iPhone 11 Brings New Camera

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Apple recently revealed to the world its latest and greatest range of iPhones. This was at a special press event held on 10th September that was live streamed across the world from its website. The event saw the release of three new models of iPhone. All of these have great new hardware and features and we are going to take a look at the camera on the iPhone 11.


The first thing that you will notice about the iPhone 11 is the change to the design. This is most noticeable on the rear of the phone and this is all because of the changes to the camera. Apple has gone for a dual-lens setup on the iPhone 11. This is a great improvement over the single-lens setup of previous iPhones. The two lenses are housed in a raised moulding on the top left of the rear of the camera. This juts out a little from the rest of the phone, but it does mean that the phone itself is slimmer than most.


As the iPhone 11 is the ‘baby brother’ of the iPhone 11 range this phone only has two of the three lenses the other phones have. However, you do get the best two. You get the 12MP ultra-wide lens and the 12MP wide lens, as well as the 12MP front selfie lens. The ultra-wide has an f/2.4 aperture and the wide has an f/1.8 aperture. Whilst the front camera features an f/2.2 aperture. On the rear, this is joined by an LED flash that will light up your images.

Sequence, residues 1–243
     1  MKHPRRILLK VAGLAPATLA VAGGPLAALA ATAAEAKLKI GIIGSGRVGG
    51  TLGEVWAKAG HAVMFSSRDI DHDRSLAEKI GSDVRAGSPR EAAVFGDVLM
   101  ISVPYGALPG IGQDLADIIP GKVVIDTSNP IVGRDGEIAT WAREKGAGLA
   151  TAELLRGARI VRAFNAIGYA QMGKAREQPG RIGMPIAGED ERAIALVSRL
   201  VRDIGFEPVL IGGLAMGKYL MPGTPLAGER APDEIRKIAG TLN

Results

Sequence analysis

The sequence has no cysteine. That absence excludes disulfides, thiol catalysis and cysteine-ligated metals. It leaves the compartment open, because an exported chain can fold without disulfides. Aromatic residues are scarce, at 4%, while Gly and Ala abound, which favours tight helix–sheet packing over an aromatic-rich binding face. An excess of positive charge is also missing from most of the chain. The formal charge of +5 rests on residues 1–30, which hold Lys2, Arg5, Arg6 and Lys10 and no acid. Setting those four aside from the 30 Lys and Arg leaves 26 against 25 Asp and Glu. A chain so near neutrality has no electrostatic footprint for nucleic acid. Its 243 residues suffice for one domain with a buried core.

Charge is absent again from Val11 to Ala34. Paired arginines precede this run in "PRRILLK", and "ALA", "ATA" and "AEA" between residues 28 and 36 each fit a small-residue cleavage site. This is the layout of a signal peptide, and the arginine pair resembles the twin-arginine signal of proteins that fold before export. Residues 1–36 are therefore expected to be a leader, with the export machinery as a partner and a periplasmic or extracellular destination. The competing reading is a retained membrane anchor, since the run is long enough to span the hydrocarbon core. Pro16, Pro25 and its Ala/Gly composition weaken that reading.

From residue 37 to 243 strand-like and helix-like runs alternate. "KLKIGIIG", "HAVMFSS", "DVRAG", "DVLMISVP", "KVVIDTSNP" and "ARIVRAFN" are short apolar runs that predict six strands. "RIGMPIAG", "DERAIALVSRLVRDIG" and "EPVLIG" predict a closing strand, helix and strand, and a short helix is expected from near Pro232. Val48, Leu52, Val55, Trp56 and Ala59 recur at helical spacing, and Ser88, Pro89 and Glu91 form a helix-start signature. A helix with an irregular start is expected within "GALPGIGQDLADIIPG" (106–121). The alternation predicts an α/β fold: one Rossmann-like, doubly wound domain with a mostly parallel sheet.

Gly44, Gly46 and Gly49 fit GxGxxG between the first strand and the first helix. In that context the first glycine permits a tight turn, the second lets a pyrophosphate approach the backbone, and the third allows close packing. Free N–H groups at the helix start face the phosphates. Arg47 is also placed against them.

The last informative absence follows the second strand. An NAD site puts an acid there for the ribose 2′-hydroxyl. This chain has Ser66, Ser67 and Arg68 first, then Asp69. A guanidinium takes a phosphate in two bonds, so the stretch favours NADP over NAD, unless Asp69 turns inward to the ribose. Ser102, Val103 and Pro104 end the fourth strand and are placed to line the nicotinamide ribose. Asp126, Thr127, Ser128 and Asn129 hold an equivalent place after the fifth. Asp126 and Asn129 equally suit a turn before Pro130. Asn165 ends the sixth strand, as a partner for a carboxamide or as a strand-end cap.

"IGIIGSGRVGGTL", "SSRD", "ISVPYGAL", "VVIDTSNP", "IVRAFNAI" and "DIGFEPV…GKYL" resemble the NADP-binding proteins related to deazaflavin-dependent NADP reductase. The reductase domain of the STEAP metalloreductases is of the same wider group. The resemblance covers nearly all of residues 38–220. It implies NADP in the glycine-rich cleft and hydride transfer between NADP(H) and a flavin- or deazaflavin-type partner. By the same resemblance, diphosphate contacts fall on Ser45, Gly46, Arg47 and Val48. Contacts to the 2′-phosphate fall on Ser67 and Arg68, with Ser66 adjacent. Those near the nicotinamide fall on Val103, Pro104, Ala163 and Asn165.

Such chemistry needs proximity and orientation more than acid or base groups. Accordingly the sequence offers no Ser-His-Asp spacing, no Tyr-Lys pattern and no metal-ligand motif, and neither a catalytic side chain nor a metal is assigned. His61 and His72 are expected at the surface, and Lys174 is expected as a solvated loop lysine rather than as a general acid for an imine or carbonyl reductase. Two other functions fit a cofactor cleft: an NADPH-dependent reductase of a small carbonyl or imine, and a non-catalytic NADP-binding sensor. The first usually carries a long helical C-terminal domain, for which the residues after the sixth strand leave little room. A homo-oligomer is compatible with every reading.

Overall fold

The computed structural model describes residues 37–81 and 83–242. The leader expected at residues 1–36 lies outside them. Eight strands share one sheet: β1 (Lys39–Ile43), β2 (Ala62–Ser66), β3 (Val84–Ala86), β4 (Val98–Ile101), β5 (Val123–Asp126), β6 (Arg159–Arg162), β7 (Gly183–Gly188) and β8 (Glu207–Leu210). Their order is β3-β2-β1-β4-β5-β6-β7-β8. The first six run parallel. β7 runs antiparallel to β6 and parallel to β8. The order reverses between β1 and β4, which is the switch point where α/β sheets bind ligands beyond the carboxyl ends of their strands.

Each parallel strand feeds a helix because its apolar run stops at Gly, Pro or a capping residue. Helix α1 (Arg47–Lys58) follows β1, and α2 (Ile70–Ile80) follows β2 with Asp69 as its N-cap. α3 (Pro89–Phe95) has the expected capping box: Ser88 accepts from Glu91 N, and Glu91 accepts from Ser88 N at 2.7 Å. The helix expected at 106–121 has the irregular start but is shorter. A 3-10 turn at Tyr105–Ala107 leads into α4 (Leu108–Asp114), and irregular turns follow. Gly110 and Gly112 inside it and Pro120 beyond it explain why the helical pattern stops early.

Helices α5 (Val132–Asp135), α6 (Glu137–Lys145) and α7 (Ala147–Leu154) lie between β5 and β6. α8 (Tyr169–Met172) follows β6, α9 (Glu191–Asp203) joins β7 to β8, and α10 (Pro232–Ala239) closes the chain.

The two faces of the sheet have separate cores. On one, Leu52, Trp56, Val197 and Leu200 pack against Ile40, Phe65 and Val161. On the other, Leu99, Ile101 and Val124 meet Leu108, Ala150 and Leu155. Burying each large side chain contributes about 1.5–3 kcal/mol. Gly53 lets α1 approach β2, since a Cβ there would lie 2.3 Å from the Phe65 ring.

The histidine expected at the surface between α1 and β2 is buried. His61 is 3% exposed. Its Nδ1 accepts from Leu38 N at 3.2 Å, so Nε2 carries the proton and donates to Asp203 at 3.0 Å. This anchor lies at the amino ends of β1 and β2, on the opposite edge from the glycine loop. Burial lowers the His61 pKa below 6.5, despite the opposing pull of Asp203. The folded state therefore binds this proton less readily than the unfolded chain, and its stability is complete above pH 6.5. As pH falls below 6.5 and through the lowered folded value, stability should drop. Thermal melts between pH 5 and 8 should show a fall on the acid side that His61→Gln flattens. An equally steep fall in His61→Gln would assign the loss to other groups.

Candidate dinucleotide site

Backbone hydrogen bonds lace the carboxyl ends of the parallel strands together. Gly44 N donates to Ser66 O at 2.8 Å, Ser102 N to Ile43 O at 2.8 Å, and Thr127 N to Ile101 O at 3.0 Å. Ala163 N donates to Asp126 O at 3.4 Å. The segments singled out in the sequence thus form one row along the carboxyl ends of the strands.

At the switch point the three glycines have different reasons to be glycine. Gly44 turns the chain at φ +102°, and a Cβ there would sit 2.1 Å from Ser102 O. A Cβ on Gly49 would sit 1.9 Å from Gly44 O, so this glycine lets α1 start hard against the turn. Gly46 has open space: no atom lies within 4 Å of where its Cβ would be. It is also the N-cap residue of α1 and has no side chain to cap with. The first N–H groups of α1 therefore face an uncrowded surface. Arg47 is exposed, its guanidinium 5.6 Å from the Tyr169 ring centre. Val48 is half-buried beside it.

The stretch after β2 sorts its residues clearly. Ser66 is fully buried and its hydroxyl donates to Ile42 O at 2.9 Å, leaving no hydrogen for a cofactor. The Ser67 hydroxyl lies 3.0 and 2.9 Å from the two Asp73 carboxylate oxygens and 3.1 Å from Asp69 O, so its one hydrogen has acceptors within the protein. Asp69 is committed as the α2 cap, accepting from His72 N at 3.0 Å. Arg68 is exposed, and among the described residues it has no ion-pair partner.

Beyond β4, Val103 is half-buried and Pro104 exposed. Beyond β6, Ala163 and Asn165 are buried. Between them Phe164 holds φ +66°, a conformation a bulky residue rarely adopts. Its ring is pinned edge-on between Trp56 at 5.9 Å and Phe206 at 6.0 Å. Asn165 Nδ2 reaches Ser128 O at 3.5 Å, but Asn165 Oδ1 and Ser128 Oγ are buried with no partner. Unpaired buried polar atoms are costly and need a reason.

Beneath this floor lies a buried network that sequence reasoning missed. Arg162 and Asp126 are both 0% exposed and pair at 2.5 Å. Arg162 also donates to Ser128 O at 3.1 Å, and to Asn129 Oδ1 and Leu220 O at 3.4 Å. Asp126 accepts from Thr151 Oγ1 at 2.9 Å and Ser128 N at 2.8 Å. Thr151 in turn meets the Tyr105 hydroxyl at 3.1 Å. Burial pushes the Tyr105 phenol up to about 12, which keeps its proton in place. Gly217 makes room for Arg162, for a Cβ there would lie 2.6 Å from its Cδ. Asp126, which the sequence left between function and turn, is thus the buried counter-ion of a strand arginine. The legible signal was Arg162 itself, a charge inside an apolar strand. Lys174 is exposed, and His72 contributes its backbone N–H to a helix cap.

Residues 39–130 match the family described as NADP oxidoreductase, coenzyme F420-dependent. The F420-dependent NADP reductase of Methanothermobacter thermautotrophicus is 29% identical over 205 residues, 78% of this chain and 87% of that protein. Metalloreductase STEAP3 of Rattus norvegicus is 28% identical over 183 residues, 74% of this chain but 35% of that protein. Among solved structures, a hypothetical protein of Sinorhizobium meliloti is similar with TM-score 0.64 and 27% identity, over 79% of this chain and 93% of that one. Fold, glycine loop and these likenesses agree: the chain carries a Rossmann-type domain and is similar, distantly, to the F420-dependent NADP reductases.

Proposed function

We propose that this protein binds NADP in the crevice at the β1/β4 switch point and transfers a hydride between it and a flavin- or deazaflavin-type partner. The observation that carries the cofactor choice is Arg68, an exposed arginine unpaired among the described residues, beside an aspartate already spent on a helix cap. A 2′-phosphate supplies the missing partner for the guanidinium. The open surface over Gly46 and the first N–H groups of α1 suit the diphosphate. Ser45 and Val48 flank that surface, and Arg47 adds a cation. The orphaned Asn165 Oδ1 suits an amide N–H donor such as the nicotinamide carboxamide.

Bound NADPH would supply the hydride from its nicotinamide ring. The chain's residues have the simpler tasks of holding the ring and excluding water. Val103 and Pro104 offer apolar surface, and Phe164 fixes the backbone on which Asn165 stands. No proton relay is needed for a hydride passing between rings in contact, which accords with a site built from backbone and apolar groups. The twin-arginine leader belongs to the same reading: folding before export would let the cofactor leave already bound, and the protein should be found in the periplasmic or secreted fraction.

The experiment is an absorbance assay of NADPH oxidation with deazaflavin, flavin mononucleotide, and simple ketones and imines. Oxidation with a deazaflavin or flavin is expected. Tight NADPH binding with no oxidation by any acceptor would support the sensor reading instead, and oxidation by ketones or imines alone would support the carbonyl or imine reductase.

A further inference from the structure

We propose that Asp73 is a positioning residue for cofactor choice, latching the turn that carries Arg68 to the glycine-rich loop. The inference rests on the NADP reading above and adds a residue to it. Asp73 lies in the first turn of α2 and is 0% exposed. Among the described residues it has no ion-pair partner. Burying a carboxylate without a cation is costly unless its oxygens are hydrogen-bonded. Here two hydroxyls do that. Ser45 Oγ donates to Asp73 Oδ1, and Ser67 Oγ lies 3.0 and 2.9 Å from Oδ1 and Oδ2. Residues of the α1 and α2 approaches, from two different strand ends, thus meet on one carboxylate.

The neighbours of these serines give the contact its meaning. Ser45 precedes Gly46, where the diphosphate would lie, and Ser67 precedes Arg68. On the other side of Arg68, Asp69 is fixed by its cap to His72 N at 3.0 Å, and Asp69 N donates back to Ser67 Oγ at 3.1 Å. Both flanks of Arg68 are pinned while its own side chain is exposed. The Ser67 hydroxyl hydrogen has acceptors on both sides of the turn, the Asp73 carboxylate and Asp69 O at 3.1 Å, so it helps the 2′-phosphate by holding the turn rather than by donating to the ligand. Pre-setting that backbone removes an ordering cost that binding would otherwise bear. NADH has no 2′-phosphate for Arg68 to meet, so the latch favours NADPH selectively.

Software Features

Apple has put a lot of work into refining how the camera works behind the scenes. Along with the hardware, there are several new software features to help you get the best shot that you can. The portrait mode, which features the background defocusing effect, has been improved and now has a high-exposure option that improves the sharpness of images and gives them a more studio-looking quality. Elsewhere the introduction of night mode should see a great improvement to shots taken in low-light levels, something that was lacking from previous iPhones but was present on androids.

New Chips

The software tricks come about because of the improvement Apple has made to its proprietary chipset. The new A13 Bionic chipset has some fancy features to help with your photography. The ‘Deep Fusion’ tech inside the chip means that the camera takes up to 8 images before you even hit the shutter button. It then analyses these images pixel-by-pixel to decide on what lighting effects need to be used to get the best photo. This means that once the photo is taken it should be perfect.


The result of all of this is good photos. The quality is crisp and clear, and the software works well with it. The selfie camera is sharp and even has a slo-mo video mode so you can take some fancy gifs and videos with it.